The story is very beautiful. In Buddhist mythology there is no God, but there are gods. Gods are the people who are living in heaven. Heaven is just a holiday place. Those who earn virtue, those who live religiously, are rewarded – a weekend; these people are called gods. But they are not higher than an enlightened being; they are far lower, because once their virtue is finished and their account is closed, they fall back to the mundane, ordinary world again.
The same happens to those who are committing all kinds of sins: they will be thrown into hell. When their punishment is complete, they come back to the ordinary world. So even heaven and hell are just reward-and-punishment systems.
The enlightened person does not go to heaven because he is freed from all sin, from all virtue: he is free from the mind itself. He simply dissolves into existence; he becomes one with the ocean.
So the gods in heaven became very much worried that Buddha is not going to speak – and in centuries…it is rarely that somebody becomes a buddha. So seven gods representing the whole of heaven came down to Buddha, touched his feet, and asked him to speak. “Because for centuries the earth waits, and if you remain silent, we will not be benefited by your enlightenment. You have to share it.”
Buddha said, “That which cannot be said, how can I say it? You know perfectly well it cannot be said, so what is the point in saying it? In fact, by saying it, you are distorting it. The moment truth is said, it becomes a lie. So please forgive me – I cannot do it.”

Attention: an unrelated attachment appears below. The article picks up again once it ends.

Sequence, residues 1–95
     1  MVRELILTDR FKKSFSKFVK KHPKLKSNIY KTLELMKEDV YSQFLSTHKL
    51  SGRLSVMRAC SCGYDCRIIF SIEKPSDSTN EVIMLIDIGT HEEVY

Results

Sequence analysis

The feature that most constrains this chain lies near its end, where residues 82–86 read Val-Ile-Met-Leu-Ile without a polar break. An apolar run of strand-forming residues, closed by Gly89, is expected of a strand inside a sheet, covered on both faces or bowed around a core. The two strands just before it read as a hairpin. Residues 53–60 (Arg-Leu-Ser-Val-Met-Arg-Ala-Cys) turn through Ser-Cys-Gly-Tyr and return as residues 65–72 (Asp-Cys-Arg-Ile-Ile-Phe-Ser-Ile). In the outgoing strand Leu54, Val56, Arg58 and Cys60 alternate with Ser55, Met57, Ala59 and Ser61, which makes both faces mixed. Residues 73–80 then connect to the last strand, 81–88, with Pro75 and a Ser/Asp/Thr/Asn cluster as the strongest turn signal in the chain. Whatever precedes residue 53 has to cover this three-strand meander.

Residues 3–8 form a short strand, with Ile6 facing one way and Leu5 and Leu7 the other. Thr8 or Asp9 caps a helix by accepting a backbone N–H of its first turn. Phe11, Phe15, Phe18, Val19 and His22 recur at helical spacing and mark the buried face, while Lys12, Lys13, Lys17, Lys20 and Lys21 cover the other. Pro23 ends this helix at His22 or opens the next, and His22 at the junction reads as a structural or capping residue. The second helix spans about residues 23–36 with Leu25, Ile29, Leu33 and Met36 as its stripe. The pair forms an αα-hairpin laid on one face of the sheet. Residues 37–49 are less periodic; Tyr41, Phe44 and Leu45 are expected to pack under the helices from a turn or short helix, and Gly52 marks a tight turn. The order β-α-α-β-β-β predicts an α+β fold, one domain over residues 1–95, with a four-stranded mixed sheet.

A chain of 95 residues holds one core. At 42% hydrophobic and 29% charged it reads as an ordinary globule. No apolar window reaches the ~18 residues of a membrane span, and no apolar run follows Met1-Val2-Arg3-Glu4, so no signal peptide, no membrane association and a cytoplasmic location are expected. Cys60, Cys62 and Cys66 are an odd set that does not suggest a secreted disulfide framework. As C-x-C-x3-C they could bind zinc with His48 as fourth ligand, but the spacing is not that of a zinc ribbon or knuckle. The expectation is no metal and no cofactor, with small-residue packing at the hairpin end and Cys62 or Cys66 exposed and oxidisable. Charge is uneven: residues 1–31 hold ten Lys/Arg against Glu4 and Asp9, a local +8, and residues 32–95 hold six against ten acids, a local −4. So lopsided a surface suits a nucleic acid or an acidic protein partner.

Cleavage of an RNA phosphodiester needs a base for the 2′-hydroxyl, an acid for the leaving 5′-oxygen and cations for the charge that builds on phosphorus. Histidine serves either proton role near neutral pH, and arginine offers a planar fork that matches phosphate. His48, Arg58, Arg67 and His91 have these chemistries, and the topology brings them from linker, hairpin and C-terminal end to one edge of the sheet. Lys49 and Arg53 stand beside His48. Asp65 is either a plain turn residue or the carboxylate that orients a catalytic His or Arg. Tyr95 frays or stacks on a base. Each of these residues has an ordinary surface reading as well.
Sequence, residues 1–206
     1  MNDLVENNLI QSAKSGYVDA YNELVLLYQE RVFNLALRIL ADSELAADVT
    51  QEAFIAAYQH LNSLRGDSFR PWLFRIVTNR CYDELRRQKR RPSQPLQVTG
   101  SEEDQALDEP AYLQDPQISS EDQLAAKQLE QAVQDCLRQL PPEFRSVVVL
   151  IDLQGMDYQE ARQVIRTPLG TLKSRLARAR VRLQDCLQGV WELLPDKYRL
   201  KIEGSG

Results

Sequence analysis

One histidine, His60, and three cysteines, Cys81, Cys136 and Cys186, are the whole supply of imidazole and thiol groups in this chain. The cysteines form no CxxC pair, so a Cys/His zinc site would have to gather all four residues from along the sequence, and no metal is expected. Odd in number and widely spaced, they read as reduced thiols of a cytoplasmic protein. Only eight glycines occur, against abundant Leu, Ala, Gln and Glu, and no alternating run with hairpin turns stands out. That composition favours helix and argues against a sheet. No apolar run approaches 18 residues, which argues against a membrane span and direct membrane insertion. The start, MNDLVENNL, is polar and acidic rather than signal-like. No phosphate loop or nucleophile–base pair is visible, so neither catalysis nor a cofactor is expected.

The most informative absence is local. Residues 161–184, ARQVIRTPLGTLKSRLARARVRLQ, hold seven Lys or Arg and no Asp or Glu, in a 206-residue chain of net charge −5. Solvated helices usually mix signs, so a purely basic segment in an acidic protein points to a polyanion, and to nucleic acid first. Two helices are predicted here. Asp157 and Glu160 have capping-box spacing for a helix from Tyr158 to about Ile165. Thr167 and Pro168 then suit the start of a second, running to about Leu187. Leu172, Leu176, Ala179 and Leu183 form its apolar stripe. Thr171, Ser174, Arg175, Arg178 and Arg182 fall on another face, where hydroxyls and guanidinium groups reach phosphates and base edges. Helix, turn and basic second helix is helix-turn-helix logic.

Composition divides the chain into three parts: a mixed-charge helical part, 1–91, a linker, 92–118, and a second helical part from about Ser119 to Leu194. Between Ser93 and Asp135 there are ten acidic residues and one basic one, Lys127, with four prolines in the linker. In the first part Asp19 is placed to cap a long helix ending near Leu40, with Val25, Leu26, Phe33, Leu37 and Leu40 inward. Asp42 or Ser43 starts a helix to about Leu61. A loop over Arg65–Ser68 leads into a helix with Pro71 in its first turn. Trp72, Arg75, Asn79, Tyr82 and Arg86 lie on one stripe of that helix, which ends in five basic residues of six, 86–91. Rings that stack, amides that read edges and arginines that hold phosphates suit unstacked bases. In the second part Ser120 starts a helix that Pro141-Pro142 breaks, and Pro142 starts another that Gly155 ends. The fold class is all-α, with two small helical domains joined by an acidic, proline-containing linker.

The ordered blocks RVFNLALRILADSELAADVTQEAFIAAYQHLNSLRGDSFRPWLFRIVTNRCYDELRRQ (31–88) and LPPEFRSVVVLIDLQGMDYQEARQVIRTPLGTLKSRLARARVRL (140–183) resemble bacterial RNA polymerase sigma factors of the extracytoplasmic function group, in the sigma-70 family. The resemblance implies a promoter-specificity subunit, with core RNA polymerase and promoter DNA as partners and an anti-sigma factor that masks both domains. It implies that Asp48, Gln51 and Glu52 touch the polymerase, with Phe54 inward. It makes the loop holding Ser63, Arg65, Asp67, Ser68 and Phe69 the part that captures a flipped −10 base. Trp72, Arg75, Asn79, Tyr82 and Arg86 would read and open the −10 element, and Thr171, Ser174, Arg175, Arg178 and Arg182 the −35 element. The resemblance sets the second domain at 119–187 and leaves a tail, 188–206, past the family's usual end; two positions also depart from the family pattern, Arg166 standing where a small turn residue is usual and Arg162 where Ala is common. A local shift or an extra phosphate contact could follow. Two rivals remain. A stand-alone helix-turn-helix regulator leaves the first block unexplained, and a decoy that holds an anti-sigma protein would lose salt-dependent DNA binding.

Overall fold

The gods were very much puzzled. They talked amongst themselves…what to do, how to convince him – what he is saying is right, but he has to be convinced to speak. Truth cannot be said, no, we have heard for centuries it cannot be said; but while a man of truth speaks…it is not only the words, there are many more things – his eyes, his hands, his whole being. The words may not be able to say it, but they create a ground in which people can be pulled. And they can see his eyes, they can see his being, they can see his silence. They can see his blissfulness, they can see his contentment. That’s what convinces them – not his words.
So they said to Buddha, “We understand: ninety-nine percent of the people perhaps may not understand you, but why are you forgetting the one percent? And even if one percent of the people understand you, it will bring a transformation in the whole consciousness of man.”
Buddha said, “Those one percent I have not forgotten, but those are the people who will attain to enlightenment whether I speak or not – maybe a few years later or a few lives later. But that one percent you are talking about who can understand me, they can not be prevented from enlightenment any longer.
“So what is the point? They will get it. And in this eternity of time, what does it matter if you get it today or tomorrow or the day after tomorrow?”